The results from our literature review followed the ecological hypotheses presented in Figure 2B. PFTs were normalized (natural log) and combined to view large scale trends in the data. A. gerardii follows very closely to the “generalists” species parabola, meaning that PFTs are variable or plastic across a broad range of environmental conditions (Figure 2C). A. gerardii also expresses a low density of several PFTs, which indicates that traits are not static, but variable. Plastic PFTs allow A. gerardii the ability to respond positively in a given population, which buffers the A. gerardii species as a whole. This interpretation may contradict previously held claims that A. gerardii will experience geographic shifts or experience large population reductions due to climate change (Gray et al., 2014; Smith et al., 2017). Thus, more research is required to understand the role that intraspecific variation plays in the expansion and survival of A. gerardii in the Great Plains.
The literature containing plant functional traits covers many different types of ecosystems and hundreds of species (Pérez-Harguindeguy et al., 2013), which have been emphasized in climate change literature encompassing major biomes across the world (Liancourt et al., 2015). Here, we used PFTs to identify inherent trait variability within a single species, and identify a potential role of adaptive variability as a driver of species persistence across a regional climate gradient. Results from this literature review suggest that the PFTs observed in A. gerardii do not statistically differ (excluding AGB and BGB) between locations measured (Figure 1). Findings from this review underline the importance of adaptive trait variability to permit greater phenotypic plasticity, which provides population buffering for some species that exist across broad climate gradients.
Moving forward, an increased focus from interspecific to intraspecific species trait variation may provide a greater understanding of how future climate variability will impact native plant species that span large regional scales. More specifically, A. gerardii is the quintessential prairie species; yet an extensive examination of the literature showed a relatively small number of sites reporting trait data. We advocate for the development of a grass trait network to examine the effect of climate change on specific dominant species in grasslands worldwide. This network could follow the framework created by Nutrient Network (NutNet; http://www.nutnet.org) and Drought Network (DroughtNet; http://www.drought-net.colostate.edu) to standardize measurements and procedures, and allow for more consistent interpretation of PFTs response to changes in abiotic factors. Increased documentation of spatial climate gradients and species distributions will increase our understanding of the role of trait variability in species resistance and resilience to future changes in the environment.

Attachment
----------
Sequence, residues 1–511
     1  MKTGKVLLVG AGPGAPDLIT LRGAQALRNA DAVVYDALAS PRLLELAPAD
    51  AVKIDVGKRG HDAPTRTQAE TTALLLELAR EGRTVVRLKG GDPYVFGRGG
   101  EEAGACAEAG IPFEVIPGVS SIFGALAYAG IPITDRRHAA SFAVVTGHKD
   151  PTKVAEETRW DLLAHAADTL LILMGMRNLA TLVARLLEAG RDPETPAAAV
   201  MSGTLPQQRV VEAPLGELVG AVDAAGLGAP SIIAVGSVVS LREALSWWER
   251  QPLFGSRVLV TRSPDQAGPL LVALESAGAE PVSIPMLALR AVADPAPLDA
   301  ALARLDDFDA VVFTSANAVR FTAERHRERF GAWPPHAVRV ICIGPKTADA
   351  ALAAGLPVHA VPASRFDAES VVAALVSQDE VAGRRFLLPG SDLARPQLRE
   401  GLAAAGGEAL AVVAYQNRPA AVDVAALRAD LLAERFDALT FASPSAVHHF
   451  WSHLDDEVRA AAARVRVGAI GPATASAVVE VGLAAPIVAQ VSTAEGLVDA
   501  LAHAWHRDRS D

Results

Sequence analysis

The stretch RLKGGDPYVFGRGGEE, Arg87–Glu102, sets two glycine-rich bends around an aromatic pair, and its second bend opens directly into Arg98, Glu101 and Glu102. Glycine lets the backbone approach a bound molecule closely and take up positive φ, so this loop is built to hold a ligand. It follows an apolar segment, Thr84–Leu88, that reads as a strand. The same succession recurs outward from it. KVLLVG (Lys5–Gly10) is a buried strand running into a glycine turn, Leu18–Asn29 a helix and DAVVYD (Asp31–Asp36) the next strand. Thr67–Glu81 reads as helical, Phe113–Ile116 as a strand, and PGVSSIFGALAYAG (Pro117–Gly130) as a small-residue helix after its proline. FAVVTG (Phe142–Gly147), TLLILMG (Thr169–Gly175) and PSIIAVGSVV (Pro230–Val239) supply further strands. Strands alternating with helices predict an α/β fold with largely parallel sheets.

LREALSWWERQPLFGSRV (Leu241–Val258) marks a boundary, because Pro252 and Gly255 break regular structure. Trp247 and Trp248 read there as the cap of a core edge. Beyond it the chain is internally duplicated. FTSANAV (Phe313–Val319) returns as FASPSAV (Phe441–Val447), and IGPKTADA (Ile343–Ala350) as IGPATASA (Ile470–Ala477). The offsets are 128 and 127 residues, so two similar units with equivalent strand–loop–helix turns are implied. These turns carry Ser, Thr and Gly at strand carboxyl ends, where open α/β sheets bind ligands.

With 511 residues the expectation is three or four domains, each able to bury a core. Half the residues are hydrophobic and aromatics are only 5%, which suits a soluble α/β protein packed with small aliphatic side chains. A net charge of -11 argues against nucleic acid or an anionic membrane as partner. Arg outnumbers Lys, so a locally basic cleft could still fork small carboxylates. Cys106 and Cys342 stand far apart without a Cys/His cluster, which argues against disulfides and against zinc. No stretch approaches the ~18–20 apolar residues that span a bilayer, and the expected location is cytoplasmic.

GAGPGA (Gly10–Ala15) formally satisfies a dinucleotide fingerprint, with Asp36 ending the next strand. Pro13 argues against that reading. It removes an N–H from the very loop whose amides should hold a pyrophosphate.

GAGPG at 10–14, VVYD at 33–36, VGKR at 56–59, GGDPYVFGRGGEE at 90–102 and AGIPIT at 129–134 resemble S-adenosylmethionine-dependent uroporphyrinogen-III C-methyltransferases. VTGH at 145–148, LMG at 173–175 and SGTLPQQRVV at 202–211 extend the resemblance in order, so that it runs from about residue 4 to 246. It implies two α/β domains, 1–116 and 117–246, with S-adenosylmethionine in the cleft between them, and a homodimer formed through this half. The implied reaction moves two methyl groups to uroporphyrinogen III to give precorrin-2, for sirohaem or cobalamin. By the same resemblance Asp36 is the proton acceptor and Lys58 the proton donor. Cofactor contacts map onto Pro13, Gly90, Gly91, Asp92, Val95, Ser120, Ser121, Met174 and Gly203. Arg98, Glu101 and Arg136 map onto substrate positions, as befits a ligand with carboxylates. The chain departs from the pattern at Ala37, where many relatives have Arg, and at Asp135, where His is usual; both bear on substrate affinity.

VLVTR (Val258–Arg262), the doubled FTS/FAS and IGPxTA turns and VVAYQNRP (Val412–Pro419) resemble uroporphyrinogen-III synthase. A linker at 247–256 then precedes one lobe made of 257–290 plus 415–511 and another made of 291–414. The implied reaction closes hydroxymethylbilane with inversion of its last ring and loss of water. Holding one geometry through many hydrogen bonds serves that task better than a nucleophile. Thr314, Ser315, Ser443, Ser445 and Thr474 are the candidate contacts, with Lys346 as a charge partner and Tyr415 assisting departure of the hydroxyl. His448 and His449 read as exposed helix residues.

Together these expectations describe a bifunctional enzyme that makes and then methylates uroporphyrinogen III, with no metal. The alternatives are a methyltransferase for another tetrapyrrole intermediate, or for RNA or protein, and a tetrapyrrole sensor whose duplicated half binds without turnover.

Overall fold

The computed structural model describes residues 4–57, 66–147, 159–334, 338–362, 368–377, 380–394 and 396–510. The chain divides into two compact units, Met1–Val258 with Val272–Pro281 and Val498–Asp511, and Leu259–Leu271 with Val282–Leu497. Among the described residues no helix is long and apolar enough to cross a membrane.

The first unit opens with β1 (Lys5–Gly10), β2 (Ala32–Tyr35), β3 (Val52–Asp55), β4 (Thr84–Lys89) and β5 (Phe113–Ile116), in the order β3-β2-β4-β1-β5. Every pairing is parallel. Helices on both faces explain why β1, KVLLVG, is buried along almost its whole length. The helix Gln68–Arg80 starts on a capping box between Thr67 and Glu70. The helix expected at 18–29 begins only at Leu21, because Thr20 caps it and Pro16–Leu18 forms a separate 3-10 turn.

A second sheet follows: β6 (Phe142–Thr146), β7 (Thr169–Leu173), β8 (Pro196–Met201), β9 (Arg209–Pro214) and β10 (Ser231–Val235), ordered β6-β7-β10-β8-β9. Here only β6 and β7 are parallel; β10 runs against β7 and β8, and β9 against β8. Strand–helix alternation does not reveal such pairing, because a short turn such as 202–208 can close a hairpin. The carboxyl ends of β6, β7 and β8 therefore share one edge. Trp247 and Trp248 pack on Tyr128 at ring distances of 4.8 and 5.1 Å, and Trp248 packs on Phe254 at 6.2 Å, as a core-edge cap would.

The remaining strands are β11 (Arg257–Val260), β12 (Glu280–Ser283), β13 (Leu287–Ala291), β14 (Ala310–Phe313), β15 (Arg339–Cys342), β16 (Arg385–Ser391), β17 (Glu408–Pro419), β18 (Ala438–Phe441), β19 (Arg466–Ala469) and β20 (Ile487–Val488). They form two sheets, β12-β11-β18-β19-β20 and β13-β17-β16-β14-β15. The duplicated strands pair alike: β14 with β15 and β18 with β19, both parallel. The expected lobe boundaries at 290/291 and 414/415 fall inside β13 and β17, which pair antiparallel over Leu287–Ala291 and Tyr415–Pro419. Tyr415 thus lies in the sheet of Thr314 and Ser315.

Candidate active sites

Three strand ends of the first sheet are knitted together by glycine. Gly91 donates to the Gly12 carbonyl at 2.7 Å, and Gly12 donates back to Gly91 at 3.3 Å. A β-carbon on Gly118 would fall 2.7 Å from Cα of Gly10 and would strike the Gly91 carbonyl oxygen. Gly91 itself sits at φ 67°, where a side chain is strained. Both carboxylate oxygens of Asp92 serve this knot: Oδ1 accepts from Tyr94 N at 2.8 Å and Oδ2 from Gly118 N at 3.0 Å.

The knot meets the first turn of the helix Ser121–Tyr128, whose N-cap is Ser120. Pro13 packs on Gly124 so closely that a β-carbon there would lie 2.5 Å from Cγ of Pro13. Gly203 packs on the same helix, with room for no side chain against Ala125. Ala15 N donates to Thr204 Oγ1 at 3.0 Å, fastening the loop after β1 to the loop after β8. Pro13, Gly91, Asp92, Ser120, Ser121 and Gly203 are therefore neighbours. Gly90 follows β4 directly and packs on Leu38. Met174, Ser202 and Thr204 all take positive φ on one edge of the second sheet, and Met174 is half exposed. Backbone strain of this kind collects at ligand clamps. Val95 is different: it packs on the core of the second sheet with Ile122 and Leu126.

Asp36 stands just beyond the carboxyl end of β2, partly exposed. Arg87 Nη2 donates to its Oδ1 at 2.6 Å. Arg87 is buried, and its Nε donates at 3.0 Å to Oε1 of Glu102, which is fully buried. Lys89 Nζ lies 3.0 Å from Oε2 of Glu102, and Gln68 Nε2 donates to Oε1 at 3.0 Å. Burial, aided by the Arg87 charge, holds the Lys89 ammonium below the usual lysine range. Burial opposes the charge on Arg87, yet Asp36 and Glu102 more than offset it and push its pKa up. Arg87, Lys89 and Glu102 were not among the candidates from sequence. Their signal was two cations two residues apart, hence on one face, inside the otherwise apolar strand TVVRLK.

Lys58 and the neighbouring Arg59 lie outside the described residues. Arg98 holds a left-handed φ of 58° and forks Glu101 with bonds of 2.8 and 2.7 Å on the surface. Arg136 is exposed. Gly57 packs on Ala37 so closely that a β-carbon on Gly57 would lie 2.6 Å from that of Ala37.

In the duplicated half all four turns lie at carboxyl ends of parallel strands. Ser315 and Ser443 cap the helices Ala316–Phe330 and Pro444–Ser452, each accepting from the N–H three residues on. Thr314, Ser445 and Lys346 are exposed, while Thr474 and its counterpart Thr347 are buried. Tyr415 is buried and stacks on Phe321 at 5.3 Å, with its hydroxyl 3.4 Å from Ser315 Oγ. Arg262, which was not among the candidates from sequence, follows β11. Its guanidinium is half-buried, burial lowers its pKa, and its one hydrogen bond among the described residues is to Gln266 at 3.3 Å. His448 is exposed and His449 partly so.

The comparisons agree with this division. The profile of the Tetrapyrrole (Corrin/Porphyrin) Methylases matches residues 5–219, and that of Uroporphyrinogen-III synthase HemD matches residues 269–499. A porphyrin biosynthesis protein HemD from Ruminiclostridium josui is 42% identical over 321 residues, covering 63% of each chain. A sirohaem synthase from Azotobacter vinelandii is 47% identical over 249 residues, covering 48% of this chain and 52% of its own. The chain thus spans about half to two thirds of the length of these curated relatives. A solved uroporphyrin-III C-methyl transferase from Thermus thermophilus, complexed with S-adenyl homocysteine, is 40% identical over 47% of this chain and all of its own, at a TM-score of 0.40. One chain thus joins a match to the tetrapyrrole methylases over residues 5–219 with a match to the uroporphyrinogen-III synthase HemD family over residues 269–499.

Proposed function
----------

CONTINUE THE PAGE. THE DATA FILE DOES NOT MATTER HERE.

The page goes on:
SB and DG were both responsible for collecting data for the literature search. SB was responsible for writing the manuscript and collecting the bulk of the data. DG gave insight into the manuscript and utilized the data to create the precipitation map. JN served as SB's advisor, aided in the literature search, and helped shape the manuscript.
Conflict of Interest Statement
The authors declare that the research was conducted in the absence of any commercial or financial relationships that could be construed as a potential conflict of interest.
We would like to thank the Konza Prairie LTER program (NSF DEB-1440484) and the NSF Dimensions of Biodiversity program (NSF 002893) for funding this research.
The Supplementary Material for this article can be found online at: https://www.frontiersin.org/articles/10.3389/fevo.2018.00217/full#supplementary-material
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Keywords: plant functional traits, grasslands, variability, ecophysiology, intraspecific trait variability
Citation: Bachle S, Griffith DM and Nippert JB (2018) Intraspecific Trait Variability in Andropogon gerardii, a Dominant Grass Species in the US Great Plains. Front. Ecol. Evol. 6:217. doi: 10.3389/fevo.2018.00217
Received: 30 April 2018; Accepted: 03 December 2018;
Published: 14 December 2018.
Edited by:Oana Moldovan, Emil Racovita Institute of Speleology, Romania
Reviewed by:Cristian Atala, Pontificia Universidad Católica de Valparaíso, Chile
Christine McAllister, Principia College, United States
Copyright © 2018 Bachle, Griffith and Nippert. This is an open-access article distributed under the terms of the Creative Commons Attribution License (CC BY). The use, distribution or reproduction in other forums is permitted, provided the original author(s) and the copyright owner(s) are credited and that the original publication in this journal is cited, in accordance with accepted academic practice. No use, distribution or reproduction is permitted which does not comply with these terms.
*Correspondence: Seton Bachle, firstname.lastname@example.org